Abstract | Introduction | Foundation | Design Flow in Games | Implement Flow in Games | Conclusion | Bibliography

Design Flow in Games

Video games as a media can be reviewed as two essential components:

Game Content - The soul of a video game; a specific experience the game is designed to convey

Game System - The body of a video game; an interactive software that communicates Game Content to the players through visuals, audio and interactions

When treated as content, the definition of Flow is too broad. However, if applied properly, it can literally happen in every game. In order to make a game special, it requires content that is more sophisticated than Flow experiences.

But when treated as a system Flow explains why people prefer certain games more than other games and how they become addicted towards these games. If a game meets all the core elements of Flow, any content could become rewarding, any premise might become engaging. [Sweetser & Wyeth 2005]

From the simplicity of Tetris to the complexity of Civilization IV, video games have already proven to the world that anything can be fun if players can access Flow.

Expand the Flow Zone

Assume the content is attractive to the audience. Designing a video game is very much about how to keep the player in the Flow and eventually be able to finish the game. Therefore, the game system needs to maintain different players' experiences inside the Flow Zone.

In Figure 2, the red curve represents an actual experience a player gained through playing one segment of a video game. The player may feel a certain part of the game experience is a little bit harder or easier than their expectation. But he can still tolerate and maintain his Flow experience inside the safe zone.

If the actual experience gets too far away from the Flow zone, the negative psychic entropy like anxiety and boredom will break player’s Flow experience. See Figure 3.

Unfortunately, like fingerprints, different people have different skills and Flow Zones. A well-designed game might keep normal players in Flow, but will not be as effective for hardcore or novice players. See Figure 4.

For example, a simple action to an FPS player such as shooting, might be an extremely difficult task for a casual gamer just starting a game. Even though the rest of the game might be something that casual gamers enjoy a lot, the harsh beginning just turns them off.

In order to design a game for broader audiences, the in-game experience can’t be linear and static. Instead, it needs to offer a wide coverage of potential experiences to fit in different players’ Flow Zones.

To expand a game's Flow Zone coverage, the design needs to offer a wide variety of gameplay experiences. From extremely simple tasks to complex problem solving, different players should always be able to find the right amount of challenges to engage during the Flow experience. These options of different gameplay experiences need to be obvious, so that when players first start the game they can easily identify the corresponding gameplay experience and delve into it.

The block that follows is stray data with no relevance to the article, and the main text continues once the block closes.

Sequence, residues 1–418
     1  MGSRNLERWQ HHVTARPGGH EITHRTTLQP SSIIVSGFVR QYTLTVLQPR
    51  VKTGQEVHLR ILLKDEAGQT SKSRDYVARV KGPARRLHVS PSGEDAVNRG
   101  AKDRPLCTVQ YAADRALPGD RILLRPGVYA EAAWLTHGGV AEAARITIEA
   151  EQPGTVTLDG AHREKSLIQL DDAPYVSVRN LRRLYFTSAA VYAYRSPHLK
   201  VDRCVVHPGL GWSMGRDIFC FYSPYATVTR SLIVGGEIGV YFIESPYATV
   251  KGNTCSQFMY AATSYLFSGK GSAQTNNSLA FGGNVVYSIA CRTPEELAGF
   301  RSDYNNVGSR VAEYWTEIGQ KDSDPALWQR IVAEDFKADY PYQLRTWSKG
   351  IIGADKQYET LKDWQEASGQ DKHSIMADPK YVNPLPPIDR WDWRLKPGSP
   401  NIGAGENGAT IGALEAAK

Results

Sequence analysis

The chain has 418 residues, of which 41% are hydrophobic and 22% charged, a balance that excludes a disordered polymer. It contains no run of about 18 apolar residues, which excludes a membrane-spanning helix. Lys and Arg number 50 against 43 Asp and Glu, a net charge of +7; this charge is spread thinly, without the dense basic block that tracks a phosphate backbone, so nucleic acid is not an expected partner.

Create Dynamic Flow

Game Tuning & Static Flow

Every so often, gamers describe an engaging game experience as "Well tuned". Tuning represents the process of a game designer using playtesting to iterate the design and manually polish the game experience until it gets close to evoking Flow. However, as the video game market expands, game tuning based on playtesting cannot satisfy the mass audience any more.

Playtesting usually involves multiple testers to reveal the potential Flow entropies in the game. On one hand, these entropies can be obvious at a micro level e.g. crashes, typos, texture flaws and bad dialogs. On the other hand, from a macro level, flaws inside core mechanics, plot arrangement, level difficulties and overall game progression are hard to identify. Today's playtesting is also very discontinuous. Each tester is in charge of different segments of the game. Without a view of the big pictures, Flows at the macro level are never really tested.

Game tuning also indicates the rigidity and linearity of the final game experience. The experience is adjusted for the specific testers and designers who cannot represent the variety of the mass audience. Flows in these games are very static. They can’t adapt to different types of gamers.

In order to realize optimal experiences for a much wider audience, not only do we need to offer a wide Flow Zone coverage, we also need a highly adaptive system to weave the rich gameplay experiences together, adjusting Flow experiences based on the players.

Passive Flow Adjustment

The biggest dilemma on Flow adjustment is whether or not to create a system to adjust the gameplay for the player. Under this kind of passive system, players can enjoy the Flow experience fed by the system.

Much research centers around designing a system that adjusts the difficulty based on the player's performance. This kind of system-oriented DDA works under an iterative adjusting loop.

The loop consists of four fundamental elements:

  1. Player - Create raw data inside the game through playing